The Pennsylvania Supreme Court found that the case could be decided in Philadelphia County. It held that Pennsylvania’s venue provision- which states that an action may be brought in a county where a corporation “regularly conducts business”- applies even when a defendant only has established a mere presence. The Court’s opinion dealt with its longstanding “quality-quantity” test under the statute, concluding that the trial court’s reliance on the percentage of the defendant’s total business in Philadelphia County was improper.
The Court explained that percentage of revenue is just one “data point” in a broader assessment of how “regular” a defendant’s business activities are in a forum. In doing so, the Court did not mention percentage of revenue at all; it noted only that the defendant’s sales to its two authorized dealers in the county had been “consistent” and were “not interrupted” during the relevant time period. The Court held that so long as “a company maintains a constant physical presence in the forum county” to perform acts in furtherance of its business objectives—even if only through an authorized dealer—venue will be appropriate in that county.
By expanding the application of the state’s venue rule, the Court will only further the forum-shopping problem already plaguing the Pennsylvania judicial system. It has eliminated an important safeguard for defendants and further tilts the scales in favor of plaintiffs who can choose to sue in the county that they view as most likely to return a favorable verdict and large award, rather than the county connected to the lawsuit.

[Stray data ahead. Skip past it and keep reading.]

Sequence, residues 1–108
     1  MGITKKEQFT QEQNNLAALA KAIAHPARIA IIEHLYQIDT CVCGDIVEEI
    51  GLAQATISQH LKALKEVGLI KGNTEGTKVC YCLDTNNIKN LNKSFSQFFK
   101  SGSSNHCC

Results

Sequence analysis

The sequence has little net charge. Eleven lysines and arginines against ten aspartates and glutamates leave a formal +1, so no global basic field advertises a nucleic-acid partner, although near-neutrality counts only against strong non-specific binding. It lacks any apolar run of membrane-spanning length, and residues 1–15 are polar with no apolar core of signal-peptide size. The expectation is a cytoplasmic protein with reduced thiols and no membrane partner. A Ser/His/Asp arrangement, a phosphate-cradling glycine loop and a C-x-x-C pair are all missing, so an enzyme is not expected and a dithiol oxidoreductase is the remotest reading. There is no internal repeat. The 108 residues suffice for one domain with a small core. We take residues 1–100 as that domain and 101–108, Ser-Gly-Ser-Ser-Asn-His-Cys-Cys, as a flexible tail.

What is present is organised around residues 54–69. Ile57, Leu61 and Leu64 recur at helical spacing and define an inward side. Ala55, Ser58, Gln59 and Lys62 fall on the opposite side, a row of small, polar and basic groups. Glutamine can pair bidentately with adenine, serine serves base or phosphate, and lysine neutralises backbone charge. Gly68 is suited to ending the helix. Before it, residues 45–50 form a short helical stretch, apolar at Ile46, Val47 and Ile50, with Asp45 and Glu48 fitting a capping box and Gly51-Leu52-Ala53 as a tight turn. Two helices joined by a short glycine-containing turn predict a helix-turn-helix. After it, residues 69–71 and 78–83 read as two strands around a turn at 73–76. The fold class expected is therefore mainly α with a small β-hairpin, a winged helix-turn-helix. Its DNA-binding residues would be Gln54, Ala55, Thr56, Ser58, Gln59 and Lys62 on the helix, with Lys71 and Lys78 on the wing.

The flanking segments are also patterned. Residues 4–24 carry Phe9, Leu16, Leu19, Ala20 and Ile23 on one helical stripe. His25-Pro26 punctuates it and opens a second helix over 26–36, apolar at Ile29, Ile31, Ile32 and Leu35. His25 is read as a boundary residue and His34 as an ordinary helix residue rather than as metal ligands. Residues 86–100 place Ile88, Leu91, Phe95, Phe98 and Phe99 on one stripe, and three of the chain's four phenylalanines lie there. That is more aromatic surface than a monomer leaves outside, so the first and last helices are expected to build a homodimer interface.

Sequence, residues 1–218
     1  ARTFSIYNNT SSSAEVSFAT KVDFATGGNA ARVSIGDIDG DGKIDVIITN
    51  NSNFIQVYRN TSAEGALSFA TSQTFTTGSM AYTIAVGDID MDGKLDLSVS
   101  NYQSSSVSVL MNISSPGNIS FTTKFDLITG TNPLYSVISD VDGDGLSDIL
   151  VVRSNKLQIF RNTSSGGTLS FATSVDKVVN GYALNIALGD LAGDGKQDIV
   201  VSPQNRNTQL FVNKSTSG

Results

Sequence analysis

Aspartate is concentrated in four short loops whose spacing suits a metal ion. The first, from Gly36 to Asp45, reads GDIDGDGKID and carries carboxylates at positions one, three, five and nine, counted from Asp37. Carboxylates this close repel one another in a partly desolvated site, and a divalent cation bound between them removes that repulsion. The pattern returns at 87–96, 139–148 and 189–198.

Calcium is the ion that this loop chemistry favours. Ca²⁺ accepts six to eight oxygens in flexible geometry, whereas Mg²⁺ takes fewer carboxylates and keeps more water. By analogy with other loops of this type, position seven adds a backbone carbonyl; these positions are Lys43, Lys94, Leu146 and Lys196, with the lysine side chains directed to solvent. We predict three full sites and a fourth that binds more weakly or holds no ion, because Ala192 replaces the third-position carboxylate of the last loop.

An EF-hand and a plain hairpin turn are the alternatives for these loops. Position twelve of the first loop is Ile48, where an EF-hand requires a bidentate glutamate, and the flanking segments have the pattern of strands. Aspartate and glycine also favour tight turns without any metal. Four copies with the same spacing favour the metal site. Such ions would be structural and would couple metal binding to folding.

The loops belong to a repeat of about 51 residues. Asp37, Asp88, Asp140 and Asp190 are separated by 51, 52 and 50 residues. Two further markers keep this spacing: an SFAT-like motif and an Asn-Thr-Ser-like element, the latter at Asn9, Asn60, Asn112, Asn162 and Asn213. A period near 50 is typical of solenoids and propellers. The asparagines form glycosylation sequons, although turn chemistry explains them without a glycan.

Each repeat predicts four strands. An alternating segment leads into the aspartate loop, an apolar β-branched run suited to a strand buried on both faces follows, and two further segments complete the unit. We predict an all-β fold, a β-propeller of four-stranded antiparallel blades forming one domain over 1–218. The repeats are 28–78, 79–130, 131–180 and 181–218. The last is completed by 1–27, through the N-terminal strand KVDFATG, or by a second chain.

Medical Liability Explodes in Philadelphia Thanks to State High Court Decision
In August 2022, the Supreme Court of Pennsylvania unilaterally eliminated constraints that have prevented lawyers from picking the most plaintiff-friendly jurisdiction for filing medical liability actions. At issue was a 2002 court rule that required plaintiffs’ lawyers to file medical liability lawsuits in the county where treatment occurred, not where a jury is expected to view the claim most favorably or return the largest award. The purpose was to reduce forum shopping and create a more fair and balanced playing field. Excessive medical liability drives up doctors’ insurance expenses, increases costs for patients, and reduces the public’s access to healthcare.
In light of the newly eliminated rule, attorneys can sue for medical malpractice not only where medical treatment took place, but also any additional location where the healthcare provider operates an office, any additional hospital locations in which the physician provides care, or where a physician lives. Of course, the state’s personal injury bar, through the Pennsylvania Association for Justice, supported the change.
Plaintiffs will now flock to areas like Philadelphia, where juries are more willing to award higher verdicts in favor of plaintiffs.
As expected, new medical liability filings are surging in Philadelphia. Through October 2023, there was a 108% increase in filings (468) when compared to the same time last year (225). From 2017 to 2019, plaintiffs suing healthcare providers in Philadelphia County won at a 36% rate, compared to a 12% and 9% rate in nearby Montgomery and Lancaster counties, respectively. As a result of the elimination of the rule, cases filed against health systems in a variety of different counties across the state have now been refiled in Philadelphia.
In May 2023, the Pennsylvania Coalition for Civil Justice Reform (PCCJR) sent the Pennsylvania Supreme Court a formal request to immediately review the rule change. The letter points out how every month of 2023 has shown a significant increase in filings in Philadelphia over the previous six years for the same month. Philadelphia courts are struggling to keep up with the increased case load and if the current filing rate continues, the trial calendars for 2025, 2026, and 2027 will be filled – by the end of 2023.
Medical malpractice insurance rates have predictably increased since the rule change went into effect. According to PCCJR’s letter, “manual rates have been increased by specialty, with a minimum increase of 10.5% and a maximum increase of 16.1%.”